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AUDIO: Isles of Scilly shipwreck site could be lost ship of Sir Walter Raleigh

By Western Morning News  |  Posted: April 14, 2013

By Toby Meyjes

  • A team member swimming over the Lizzy wreck site. Right, a small sounding lead found on the site

  • Robin Burrows, right, at the Lizzy wreck site. Below: Sir Walter Raleigh

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A shipwreck uncovered off the Isles of Scilly last summer could have belonged to Sir Walter Raleigh and been lost when a storm scattered his vessels as they headed for the West Indies.

The wreck, which has been named the Lizzy by the divers who discovered it, is thought to have possibly sunk in 1617 and been one of two ships lost out of a fleet of 30 shortly after they left Plymouth.

The exciting possibility is one of two theories of the wreck's identity put forward by local shipwreck diver Todd Stevens who, along with Robin Burrows and their team, have slowly uncovered the remains since last summer.

If correct, the ship could have been the Flying Joan, one of the fleet on one of the last voyages led by Sir Walter Raleigh before he was executed at the Palace of Westminster in 1618.

Mr Stevens, 50, who also discovered the famous wreck of the HMS Colossus off the Isles of Scilly, labelled the idea of the discovery "amazing".

He is now awaiting a visit from English Heritage to hopefully help further identify the wreck site.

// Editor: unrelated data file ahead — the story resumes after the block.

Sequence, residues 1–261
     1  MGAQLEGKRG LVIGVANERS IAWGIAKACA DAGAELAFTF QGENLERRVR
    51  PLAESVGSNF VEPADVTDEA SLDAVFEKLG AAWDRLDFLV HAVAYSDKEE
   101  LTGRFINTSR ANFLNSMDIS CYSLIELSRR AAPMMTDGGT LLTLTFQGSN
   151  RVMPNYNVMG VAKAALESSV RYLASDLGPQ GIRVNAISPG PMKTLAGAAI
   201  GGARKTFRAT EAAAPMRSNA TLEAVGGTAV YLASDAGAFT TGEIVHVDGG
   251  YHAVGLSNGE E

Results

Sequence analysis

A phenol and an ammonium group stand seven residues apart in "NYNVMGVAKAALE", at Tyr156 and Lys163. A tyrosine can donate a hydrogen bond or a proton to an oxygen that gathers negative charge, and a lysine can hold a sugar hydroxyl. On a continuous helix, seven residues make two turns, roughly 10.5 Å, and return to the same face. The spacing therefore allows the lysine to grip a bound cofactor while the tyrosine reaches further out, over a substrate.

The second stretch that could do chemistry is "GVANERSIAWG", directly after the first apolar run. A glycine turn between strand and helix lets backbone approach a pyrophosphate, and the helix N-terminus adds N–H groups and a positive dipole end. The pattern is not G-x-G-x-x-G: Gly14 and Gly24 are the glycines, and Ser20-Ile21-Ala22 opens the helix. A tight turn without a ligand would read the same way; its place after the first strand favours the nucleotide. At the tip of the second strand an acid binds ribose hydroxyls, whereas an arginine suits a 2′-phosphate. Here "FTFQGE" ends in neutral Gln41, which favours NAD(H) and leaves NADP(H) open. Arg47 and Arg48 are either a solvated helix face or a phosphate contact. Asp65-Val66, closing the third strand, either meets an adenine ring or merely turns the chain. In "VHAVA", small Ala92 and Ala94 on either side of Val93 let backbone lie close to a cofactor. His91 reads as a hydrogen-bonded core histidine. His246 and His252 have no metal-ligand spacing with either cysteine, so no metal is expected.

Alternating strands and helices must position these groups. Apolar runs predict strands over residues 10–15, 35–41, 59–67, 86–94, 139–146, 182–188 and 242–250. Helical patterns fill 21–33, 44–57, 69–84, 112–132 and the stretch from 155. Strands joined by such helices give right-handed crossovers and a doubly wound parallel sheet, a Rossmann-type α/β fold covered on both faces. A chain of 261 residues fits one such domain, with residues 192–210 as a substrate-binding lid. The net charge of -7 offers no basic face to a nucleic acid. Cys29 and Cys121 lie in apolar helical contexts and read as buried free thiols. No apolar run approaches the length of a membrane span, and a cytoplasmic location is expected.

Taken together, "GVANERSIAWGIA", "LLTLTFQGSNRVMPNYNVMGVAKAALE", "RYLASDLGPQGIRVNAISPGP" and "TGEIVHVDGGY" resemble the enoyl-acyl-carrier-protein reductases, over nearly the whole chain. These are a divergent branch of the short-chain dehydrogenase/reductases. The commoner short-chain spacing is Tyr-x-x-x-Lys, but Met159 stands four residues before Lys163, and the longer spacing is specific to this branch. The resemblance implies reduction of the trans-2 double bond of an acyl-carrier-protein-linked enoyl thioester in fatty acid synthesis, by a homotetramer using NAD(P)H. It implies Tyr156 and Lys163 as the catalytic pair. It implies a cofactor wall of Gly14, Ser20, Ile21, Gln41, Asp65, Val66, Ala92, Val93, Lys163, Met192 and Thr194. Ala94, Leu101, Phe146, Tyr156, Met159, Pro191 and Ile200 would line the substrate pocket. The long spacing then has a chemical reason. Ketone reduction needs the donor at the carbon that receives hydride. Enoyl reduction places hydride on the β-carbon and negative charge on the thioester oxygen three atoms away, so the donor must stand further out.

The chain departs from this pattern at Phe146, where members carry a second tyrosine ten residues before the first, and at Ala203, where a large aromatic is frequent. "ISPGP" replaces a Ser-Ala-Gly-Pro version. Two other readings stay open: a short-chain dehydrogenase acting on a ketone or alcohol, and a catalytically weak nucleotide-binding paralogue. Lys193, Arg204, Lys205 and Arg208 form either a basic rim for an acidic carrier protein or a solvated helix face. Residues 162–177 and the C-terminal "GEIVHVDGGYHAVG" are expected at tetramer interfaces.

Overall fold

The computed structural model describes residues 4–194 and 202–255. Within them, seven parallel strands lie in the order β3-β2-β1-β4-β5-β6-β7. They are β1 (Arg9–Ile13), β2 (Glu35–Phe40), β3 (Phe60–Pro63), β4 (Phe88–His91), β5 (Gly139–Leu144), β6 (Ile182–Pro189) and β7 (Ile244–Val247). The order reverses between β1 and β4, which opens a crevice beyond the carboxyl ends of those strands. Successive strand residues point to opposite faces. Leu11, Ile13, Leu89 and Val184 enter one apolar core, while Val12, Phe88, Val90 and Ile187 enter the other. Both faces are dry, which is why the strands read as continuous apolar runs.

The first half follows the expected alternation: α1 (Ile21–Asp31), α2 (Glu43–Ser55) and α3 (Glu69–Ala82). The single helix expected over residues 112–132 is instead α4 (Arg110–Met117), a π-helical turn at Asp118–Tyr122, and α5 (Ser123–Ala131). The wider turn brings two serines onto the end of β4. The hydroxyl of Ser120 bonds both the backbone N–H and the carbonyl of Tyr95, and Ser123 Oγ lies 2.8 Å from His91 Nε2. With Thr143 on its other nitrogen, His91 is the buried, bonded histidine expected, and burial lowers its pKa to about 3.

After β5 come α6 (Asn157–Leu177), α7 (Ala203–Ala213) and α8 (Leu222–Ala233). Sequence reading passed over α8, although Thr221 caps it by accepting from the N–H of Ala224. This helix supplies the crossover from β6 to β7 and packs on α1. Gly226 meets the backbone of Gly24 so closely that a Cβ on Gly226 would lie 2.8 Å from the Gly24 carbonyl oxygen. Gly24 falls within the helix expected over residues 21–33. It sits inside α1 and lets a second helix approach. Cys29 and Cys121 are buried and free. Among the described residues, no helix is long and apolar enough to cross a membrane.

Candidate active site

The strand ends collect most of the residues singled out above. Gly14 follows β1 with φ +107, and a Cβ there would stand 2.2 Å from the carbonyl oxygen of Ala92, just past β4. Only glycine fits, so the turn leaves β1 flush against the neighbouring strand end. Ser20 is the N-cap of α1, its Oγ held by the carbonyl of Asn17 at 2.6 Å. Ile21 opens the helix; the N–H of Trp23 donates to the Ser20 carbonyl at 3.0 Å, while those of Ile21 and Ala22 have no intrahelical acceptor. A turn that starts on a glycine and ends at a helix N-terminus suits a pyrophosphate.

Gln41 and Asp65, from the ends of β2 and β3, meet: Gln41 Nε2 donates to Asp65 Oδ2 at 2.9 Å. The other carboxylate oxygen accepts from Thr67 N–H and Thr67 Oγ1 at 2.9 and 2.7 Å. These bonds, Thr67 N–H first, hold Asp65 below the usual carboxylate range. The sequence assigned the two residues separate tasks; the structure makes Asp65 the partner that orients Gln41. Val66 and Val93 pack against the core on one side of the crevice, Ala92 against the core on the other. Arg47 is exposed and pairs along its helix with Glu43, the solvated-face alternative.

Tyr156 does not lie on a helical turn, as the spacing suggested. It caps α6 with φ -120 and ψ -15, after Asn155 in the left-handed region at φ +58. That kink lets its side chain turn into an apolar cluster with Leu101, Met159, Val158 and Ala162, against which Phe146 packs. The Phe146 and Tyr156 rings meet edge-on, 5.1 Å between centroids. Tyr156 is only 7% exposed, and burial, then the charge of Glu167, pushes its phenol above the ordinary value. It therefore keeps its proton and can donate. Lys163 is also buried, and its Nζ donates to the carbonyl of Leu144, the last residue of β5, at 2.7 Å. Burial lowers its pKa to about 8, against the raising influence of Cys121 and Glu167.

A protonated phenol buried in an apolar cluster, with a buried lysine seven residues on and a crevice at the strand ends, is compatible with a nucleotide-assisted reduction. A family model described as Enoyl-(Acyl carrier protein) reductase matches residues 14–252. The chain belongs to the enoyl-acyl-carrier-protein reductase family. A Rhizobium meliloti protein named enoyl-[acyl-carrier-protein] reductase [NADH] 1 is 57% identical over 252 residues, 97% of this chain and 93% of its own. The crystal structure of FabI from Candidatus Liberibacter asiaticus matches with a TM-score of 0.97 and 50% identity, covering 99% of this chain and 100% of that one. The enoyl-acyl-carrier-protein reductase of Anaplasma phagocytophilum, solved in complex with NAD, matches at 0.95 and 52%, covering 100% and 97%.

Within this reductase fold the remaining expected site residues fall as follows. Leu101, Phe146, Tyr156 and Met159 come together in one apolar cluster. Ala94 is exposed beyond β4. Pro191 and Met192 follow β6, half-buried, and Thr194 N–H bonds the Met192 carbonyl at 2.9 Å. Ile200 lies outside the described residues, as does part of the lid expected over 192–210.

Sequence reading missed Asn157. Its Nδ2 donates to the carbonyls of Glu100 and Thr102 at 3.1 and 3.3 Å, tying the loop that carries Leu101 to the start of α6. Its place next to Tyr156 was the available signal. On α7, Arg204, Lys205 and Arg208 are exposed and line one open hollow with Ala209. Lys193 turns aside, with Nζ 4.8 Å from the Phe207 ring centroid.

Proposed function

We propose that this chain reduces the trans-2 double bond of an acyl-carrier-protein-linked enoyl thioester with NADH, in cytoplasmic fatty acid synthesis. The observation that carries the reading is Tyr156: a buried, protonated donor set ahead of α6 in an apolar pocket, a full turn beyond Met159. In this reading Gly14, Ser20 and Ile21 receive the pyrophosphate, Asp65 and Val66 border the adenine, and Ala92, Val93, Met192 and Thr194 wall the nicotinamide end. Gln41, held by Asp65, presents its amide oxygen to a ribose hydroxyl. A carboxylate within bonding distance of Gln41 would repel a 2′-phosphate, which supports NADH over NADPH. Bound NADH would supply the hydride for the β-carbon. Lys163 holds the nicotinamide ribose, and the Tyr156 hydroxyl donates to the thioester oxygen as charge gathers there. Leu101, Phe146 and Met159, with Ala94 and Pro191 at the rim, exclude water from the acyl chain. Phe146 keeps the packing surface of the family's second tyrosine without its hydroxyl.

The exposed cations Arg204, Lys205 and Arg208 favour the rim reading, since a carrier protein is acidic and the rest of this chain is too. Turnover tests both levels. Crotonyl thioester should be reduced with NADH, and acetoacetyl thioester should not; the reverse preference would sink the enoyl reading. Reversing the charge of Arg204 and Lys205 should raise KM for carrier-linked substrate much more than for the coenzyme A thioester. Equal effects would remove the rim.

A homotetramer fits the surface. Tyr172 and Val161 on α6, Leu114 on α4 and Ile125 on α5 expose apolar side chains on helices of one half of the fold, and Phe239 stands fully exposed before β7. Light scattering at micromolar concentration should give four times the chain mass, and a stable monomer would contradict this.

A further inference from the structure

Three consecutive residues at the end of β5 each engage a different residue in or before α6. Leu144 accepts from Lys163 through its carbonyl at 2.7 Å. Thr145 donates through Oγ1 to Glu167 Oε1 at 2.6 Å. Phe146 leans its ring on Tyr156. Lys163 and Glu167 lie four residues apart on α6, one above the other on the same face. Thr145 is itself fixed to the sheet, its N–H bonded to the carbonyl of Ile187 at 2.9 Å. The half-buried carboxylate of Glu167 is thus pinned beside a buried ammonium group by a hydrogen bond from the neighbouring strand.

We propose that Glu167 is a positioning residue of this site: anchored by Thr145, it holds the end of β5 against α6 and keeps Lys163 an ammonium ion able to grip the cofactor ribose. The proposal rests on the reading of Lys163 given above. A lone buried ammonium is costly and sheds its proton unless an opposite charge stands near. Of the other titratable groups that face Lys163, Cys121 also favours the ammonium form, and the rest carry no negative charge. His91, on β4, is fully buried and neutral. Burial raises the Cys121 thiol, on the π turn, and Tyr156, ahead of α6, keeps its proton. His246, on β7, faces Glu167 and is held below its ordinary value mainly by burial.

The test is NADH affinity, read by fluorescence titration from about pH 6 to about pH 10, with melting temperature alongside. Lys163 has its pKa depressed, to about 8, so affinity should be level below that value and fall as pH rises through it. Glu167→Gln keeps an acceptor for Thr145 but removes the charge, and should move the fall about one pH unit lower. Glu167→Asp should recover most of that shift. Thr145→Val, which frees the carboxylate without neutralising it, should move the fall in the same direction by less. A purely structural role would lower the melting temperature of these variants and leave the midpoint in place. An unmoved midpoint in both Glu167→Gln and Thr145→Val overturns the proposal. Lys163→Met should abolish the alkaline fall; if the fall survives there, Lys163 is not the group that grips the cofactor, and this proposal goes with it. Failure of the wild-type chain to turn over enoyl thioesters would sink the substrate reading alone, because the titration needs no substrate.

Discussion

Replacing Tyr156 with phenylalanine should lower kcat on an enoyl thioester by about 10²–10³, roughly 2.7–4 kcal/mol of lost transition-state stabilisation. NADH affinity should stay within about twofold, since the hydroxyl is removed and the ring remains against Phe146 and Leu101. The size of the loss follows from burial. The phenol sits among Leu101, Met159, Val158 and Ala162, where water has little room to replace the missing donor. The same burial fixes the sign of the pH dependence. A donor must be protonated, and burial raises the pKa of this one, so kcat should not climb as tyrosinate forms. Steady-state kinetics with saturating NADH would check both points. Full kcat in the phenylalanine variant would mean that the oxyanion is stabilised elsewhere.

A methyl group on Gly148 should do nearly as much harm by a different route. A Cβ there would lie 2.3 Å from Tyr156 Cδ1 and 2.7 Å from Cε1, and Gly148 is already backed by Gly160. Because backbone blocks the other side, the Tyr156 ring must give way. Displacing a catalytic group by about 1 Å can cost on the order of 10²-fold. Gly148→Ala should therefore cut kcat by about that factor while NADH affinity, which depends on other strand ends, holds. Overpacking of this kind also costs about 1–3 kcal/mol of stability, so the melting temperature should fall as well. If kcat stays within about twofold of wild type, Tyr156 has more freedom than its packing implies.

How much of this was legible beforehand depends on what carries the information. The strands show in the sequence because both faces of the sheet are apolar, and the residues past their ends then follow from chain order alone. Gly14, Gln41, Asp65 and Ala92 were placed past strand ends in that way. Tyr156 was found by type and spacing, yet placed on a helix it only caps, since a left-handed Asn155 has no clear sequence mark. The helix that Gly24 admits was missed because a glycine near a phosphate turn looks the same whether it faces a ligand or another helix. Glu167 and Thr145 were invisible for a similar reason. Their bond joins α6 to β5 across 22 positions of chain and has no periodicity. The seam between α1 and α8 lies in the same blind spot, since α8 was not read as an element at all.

He said: "Since we first found the Lizzy, I have always said that the evidence we have on the seabed leads me to believe it to be the wreck of an armed pinnace.

"This would be a small, single-masted ship without a bowsprit and consequently a gun in the bow instead.

"The ship Sir Walter Raleigh lost here in a storm in 1617 was indeed an armed pinnace. The wreck fits in age and style."

The process of discovering the Lizzy, named for its guns dating to the late Tudor period, began in 2008 when Mr Stevens and his team conducted a magnetometer survey around the islands to detect anomalies, which they would later attempt to identify over the following years.

In the meantime, Mr Burrows had developed a side-scan sonar which in 2012 identified two 5ft-6ft objects laying in the middle of the St Mary's Roads. The items, which were in 14-metre-deep water, were later discovered to be guns and, along with other characteristics of the wreck, have pointed towards it possibly being the Flying Joan or, less likely, a privateer vessel lost in the Civil War.

"It's amazing that people don't know what's underneath them," added Mr Stevens. "It would have to be quite an old ship to have been involved in the Civil War, the guns would have had to have been about 60 years old, but at the time they would have been desperate for ships."

The wreck is a relatively small ship made of oak, about 40ft-50ft long and 15ft wide.

Mr Stevens explained there was much debris scattered on the seabed around it, but unfortunately very little can be linked definitively to the wreck. To the left of the site the team discovered a swivel gun and a red clay pipe dating to 1630 or earlier. Numerous English, French and Spanish pottery fragments were found, all dating to the Tudor period.

Also discovered was a bronze pulley sheave, similar to that on the famous Mary Rose wreck and a bigger version on later wreck sites, and a complete bung hole from the late-15th century.

The wreck is the seventh to be found in and around St Mary's in recent years and although some evidence points towards it being the wreck of the Flying Joan, Mr Stevens is keen to stress it is only a possibility. As he said, it is a "mystery waiting to be solved".

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